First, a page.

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    Every scenario is different and you can't say that an older person dying isn't necessarily an occasion to be sad. I was an absolute mess when my 92 year old Grandad died. He had a fall, the next day I visited him in hospital, the day after he was dead. When my Poppa died, it was after a prolonged illness during which he had slowly slipped away and wasn't with it anymore so I was relieved he'd found peace.

    I am so sorry for your loss, @Lizard. I love the idea of "flower power" that someone mentioned. I also know the feeling, I was devastated when I left a job after 4.5 years (during which I ALWAYS contributed to gifts) and nobody did ANYTHING for me. It's hurtful and it sucks.

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    Quote Originally Posted by Lizard View Post
    I believe X was closer to FIL than own family. But yeah I did feel a little upset by this as mine loss was flesh and blood. I really feel the distance made people not realise how much of a loss it was to me.

    And I forgot to mention I think I will put in but bring it up later that something needs to be done about this as it really is not great for staff morale.
    Sorry for your loss. I lost my grandmother a few years back and it was a pretty rough time. I still think about her quite a lot, and often shed a year when I watch a video of her life that was shown at her funeral.

    Unless there are extenuating circumstances (a person was raised by their grandparent etc) I would draw the line at organising flowers for someone's immediate family (parents, spouse, kids, siblings).

    I'm not saying this to offend you or to try and belittle your grief, however a line has to be drawn somewhere and I think grandparents, in the absence of extenuating circumstances, is a reasonable and common line to draw. I didn't receive flowers when my grandmother passed, this didn't upset me as I didn't expect anything.

    It sounds like your colleague received flowers because her FIL was more like a father to her? As hard as it seems I would try not to take offense at this.

    As for the mat leave case (where someone at your work received a send off and someone else didn't) this was probably due to the one who did get a send off having a close friend at work who put their hand up to organise something. IMO for mat leave cases the responsibility pies with line management to make sure someone in organising something. I didn't receive any real send off when I went on mat leave for my second bub, which miffed me. Quite a contrast to a big morno's and present for my first. People in my office were very very busy at the time of my second though, and I didn't make a big deal of leaving. I hold my supervisor responsible ... I think she realised (too late) that nothing had been done and felt guilty...when bub was born I received a small present and card from my colleagues. The whole thing reiterated to me that work colleagues can be good value however they come and go... In the end it's your family and friends who you should rely on for support when the going gets tough.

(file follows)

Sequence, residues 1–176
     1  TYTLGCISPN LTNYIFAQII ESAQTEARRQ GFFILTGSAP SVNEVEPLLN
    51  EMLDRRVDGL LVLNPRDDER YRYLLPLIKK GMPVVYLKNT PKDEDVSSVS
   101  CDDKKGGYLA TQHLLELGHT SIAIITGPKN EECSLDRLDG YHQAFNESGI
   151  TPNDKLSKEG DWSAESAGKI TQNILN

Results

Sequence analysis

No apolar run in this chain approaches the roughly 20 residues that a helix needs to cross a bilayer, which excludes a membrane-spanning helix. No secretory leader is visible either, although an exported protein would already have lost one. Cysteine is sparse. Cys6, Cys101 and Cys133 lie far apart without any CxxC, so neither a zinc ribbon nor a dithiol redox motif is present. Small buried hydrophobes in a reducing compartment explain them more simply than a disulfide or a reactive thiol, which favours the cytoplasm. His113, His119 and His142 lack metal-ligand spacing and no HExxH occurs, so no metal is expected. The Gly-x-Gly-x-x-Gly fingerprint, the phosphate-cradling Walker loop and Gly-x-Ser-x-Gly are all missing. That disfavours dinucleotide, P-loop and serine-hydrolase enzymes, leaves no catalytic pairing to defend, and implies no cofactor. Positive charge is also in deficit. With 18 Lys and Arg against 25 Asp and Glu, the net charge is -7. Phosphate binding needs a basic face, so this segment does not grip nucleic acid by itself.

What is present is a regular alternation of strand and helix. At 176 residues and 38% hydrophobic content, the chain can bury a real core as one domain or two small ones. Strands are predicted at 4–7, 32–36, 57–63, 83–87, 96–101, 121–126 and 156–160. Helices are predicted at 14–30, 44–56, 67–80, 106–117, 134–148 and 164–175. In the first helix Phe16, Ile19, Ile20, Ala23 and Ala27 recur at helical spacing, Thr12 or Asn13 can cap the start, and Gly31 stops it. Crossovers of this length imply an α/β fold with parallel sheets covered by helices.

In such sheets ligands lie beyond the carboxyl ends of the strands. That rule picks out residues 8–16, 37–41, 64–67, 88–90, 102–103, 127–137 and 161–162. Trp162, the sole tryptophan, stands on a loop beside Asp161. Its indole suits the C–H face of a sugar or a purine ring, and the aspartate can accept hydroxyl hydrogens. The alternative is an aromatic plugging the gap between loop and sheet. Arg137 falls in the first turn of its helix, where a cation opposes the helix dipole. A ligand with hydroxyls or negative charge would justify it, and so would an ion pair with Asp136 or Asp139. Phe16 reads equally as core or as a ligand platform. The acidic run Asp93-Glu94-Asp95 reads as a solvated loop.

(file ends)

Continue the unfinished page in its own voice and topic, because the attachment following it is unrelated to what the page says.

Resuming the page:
Sorry again for your loss.
    Last edited by VicPark; 07-09-2014 at 03:43.

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    I'm sorry to hear about this, I also am one who doesn't think that you should feel a "certain" way because of someone's connection - ie blood, not blood. When my godmother died - who was my mums first cousin - so hardly related at all-I was absolutely devastated. She was so special to our family - and because she didn't ever have kids of her own, we *were* her family so to speak. I also lost my dad at a young age - and it tore my family apart - so I know what it is like to lose both close family members when you and they are young, and what It is like to lose kindred spirits - closely related or not.

    I would put in for the manager at work - but I would also bring up the suggesting that there should be someone who organises collections for those type of things.

    Sorry for you loss.